According to the report presented by Oliver (2019), one of the difficulties that formal education may face is the completion time of the education. Learners who receive formal education cannot obtain their desired degree without graduating. Graduation time is usually fixed according to the policy followed at the university, and it may inadequately respond to the student's desire to work harder and finish in a shorter time. If learners cannot graduate, their learning achievement is usually expressed as “credits for degree”. There is a possibility that different institutions do not accept the equivalence of the loan, and there may be a statute of limitations on loans. Micro-credential systems generally do not offer time constraints to the learner, and the student can adjust the learning process speed according to his/her paste. If equivalence is ensured by meeting the necessary validity and reliability in universities, it will be possible for the learner to graduate earlier.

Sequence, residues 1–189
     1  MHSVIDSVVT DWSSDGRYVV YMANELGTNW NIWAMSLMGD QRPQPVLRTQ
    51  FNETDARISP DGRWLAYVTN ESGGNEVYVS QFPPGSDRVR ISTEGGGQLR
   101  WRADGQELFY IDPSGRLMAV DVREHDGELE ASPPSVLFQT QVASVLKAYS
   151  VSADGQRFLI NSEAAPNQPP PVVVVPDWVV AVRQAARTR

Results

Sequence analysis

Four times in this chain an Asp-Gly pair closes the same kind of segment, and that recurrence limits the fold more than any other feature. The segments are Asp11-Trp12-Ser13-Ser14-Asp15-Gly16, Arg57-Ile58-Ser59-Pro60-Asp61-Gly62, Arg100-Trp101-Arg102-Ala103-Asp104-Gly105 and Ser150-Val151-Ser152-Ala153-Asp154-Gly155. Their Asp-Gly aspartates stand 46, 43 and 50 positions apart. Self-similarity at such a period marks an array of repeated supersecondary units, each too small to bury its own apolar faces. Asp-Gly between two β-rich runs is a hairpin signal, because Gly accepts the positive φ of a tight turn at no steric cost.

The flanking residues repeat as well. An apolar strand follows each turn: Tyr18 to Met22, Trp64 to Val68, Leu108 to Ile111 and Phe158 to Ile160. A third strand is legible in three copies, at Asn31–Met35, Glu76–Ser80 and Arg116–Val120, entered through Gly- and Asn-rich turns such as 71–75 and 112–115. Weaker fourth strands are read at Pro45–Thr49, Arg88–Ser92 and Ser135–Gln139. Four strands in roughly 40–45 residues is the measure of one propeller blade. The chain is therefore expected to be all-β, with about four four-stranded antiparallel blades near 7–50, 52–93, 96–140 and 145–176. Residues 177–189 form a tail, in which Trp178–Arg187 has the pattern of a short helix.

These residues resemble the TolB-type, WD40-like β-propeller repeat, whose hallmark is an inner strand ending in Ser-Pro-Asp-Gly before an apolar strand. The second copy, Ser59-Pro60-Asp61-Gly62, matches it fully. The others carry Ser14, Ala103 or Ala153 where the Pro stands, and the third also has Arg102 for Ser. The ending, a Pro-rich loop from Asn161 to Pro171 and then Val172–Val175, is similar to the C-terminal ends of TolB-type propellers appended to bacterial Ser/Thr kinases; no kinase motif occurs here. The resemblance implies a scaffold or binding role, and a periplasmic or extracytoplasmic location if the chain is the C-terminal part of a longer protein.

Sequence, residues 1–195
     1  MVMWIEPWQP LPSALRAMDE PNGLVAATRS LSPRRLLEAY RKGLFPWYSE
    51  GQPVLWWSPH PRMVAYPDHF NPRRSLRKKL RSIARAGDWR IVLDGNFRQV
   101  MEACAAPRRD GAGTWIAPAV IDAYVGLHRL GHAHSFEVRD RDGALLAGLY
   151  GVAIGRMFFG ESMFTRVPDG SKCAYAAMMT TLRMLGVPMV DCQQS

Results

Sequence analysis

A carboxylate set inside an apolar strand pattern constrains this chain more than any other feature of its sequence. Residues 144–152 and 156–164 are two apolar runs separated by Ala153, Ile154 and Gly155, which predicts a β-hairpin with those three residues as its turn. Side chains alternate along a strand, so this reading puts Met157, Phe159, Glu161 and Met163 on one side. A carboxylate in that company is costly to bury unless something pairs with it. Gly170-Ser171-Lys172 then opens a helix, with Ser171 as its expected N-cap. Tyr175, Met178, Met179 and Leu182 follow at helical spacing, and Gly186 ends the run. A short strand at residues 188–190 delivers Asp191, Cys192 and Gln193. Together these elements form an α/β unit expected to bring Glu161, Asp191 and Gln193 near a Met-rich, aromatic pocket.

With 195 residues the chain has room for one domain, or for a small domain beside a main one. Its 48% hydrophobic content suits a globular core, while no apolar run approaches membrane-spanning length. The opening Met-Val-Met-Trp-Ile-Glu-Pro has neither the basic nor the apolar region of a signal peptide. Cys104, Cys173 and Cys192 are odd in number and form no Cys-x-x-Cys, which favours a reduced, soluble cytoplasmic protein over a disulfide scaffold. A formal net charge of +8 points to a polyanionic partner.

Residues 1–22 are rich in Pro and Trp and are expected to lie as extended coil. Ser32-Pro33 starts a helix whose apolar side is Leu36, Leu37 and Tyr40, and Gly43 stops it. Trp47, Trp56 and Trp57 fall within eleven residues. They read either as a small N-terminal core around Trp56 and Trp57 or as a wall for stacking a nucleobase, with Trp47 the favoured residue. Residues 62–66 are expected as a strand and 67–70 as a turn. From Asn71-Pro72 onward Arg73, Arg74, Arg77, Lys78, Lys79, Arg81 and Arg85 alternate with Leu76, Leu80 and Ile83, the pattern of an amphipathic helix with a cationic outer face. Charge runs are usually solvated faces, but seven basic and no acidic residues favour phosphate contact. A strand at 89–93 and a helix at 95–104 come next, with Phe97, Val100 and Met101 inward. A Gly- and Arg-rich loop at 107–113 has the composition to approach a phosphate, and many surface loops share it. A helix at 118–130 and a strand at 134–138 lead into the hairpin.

Reflection on lifelong learning

Oliver (2019) states in his report that it would be in the interest of every country to have a national digital repository where the recognized credits of each country's citizens are kept. Similar studies like the Korean Academic Credit Bank System (ACBS) in South Korea, Singapore's Future Skills credit system, Academic Credit Bank System in China and Europass in Europe represent skills and qualifications clearly and easily can be given as examples.

These studies offer lifelong learning accounts and necessary precautions are taken to collect data and ensure confidentiality. These systems provide policymakers with tools to map and match learning with industry skills and use the techniques to encourage citizens to invest in continuing education. Employers are offered the opportunity to retrain their existing employees and find new talent, and incentives are made to offer courses at the explicit request of providers.

Conclusion